Maggie: They are some of the world’s smallest but most important creatures – plankton. Researchers now say they have discovered about a million-and-a-half species of plankton, double the number previously known. A research vessel called the Tara spent the past two-and-a-half years traveling 70,000 miles and collecting samples of seawater.
Plankton might not look like much. But it turns out, these microscopic organisms are actually crucial for people like you and me. Plankton are at the very bottom of the food chain. They provide food for bigger animals, which then get gobbled up by even bigger animals that eventually get eaten by humans.
These little plankton guys also help create the very air we breathe, generating oxygen by taking carbon dioxide out of the atmosphere. But the researchers also made another unexpected and disappointing discovery – tiny shreds of plastic. In fact, scientists found more plastic than plankton. And what’s worse, much of this plastic was discovered in the Antarctic.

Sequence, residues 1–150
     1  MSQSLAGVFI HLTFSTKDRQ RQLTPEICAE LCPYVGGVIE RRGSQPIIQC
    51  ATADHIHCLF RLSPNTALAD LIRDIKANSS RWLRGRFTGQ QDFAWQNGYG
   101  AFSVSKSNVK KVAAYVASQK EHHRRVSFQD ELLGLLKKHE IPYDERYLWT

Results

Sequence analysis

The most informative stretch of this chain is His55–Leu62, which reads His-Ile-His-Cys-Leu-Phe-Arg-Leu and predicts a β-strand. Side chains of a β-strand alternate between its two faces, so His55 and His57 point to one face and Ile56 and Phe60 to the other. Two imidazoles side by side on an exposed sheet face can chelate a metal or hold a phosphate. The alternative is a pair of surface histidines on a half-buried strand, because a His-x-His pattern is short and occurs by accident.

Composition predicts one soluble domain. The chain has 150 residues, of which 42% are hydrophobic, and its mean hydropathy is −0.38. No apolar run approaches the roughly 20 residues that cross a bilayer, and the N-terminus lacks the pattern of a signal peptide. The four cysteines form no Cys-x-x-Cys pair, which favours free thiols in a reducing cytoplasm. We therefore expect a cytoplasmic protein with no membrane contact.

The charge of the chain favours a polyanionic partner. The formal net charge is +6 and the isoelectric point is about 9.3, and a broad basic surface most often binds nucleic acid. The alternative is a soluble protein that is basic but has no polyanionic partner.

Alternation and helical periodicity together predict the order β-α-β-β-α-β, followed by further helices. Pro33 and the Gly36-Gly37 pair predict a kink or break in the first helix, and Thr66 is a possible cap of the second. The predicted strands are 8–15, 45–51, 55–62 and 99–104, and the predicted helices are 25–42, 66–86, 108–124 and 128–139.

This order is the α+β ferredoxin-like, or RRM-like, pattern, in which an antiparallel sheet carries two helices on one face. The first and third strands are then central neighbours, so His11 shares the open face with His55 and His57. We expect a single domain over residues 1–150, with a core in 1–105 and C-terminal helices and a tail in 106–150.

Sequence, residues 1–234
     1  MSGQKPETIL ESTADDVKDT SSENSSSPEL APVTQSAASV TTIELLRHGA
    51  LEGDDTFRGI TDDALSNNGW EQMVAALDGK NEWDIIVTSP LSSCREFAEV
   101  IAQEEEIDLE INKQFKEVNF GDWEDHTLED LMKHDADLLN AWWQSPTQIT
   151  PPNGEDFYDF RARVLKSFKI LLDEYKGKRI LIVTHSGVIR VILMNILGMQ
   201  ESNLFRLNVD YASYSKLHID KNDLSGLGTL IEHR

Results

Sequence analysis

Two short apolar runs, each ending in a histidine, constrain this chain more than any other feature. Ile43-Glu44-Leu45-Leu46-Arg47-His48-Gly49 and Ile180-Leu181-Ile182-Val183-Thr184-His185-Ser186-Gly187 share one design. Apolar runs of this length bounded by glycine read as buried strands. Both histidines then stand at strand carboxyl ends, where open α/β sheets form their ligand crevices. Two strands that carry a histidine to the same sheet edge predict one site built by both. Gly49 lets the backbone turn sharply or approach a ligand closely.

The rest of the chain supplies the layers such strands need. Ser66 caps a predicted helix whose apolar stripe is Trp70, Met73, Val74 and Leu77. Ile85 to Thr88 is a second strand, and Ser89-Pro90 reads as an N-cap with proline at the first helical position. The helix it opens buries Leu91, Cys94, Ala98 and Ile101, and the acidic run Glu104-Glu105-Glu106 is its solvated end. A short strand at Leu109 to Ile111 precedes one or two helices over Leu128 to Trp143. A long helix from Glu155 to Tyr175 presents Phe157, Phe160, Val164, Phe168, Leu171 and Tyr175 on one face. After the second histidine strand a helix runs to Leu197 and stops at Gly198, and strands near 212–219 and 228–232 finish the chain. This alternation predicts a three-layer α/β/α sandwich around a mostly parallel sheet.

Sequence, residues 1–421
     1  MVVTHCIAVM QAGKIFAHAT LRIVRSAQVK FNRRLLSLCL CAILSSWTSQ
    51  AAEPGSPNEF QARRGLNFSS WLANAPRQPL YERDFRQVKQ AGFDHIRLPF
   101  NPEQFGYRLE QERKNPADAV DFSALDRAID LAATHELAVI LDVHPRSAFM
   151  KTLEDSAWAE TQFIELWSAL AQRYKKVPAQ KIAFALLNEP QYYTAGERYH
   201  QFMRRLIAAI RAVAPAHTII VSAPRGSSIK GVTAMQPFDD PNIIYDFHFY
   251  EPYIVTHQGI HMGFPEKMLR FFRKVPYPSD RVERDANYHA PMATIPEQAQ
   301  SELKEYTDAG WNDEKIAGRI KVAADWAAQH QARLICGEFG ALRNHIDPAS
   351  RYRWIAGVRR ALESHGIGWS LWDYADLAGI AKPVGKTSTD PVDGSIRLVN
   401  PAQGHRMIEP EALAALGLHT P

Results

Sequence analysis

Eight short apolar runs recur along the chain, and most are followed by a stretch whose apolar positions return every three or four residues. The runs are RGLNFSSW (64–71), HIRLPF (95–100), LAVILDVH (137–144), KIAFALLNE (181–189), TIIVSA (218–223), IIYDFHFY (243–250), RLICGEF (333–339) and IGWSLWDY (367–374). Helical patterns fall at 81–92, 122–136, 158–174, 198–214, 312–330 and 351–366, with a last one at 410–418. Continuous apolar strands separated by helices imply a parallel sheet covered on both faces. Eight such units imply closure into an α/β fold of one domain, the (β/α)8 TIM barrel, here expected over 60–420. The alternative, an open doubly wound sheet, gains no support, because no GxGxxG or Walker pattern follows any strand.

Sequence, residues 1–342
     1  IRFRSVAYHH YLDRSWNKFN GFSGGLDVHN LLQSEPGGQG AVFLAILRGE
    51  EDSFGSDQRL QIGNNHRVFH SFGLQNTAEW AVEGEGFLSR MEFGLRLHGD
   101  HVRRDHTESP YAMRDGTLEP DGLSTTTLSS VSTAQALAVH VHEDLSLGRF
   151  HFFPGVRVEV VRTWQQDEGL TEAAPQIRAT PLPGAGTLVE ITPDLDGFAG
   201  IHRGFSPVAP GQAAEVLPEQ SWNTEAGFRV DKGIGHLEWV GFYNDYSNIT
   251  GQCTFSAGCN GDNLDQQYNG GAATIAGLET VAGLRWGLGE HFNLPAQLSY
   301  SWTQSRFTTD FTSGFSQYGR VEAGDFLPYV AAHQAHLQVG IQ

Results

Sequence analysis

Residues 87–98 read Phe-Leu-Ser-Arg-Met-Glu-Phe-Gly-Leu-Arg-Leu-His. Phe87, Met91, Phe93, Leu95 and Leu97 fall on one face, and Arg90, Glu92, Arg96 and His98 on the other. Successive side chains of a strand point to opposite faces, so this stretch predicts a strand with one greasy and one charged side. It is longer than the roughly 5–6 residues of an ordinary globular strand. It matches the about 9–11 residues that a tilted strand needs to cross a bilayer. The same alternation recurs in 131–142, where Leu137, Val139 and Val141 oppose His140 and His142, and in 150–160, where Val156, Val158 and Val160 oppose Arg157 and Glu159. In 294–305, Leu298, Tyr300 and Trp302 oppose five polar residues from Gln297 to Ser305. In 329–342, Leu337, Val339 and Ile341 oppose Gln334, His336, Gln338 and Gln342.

Chris Bowler: We thought that areas like the Antarctic were very pristine, being very isolated, far away from humanity. The fact that we found plastic debris down there, in terms of tens of thousands of pieces per square kilometer, is really very sad because this is going to hang around for thousands of years.
Maggie: Plastics make up 90% of the trash in the ocean. Scientists warn as plastics break down and decompose in the water, poisons can be released, and these toxins are ingested by the plankton.
So remember that food chain from earlier? Well, as plankton are eaten by bigger animals, they also consume those toxins that eventually reach humans.
Researchers are keeping a close eye on the state of the world’s oceans and the tiniest creatures in them. They say it’s those little plankton that might determine whether the planet can sustain life for the rest of its creatures, including us.
Maggie Rulli, Channel One News.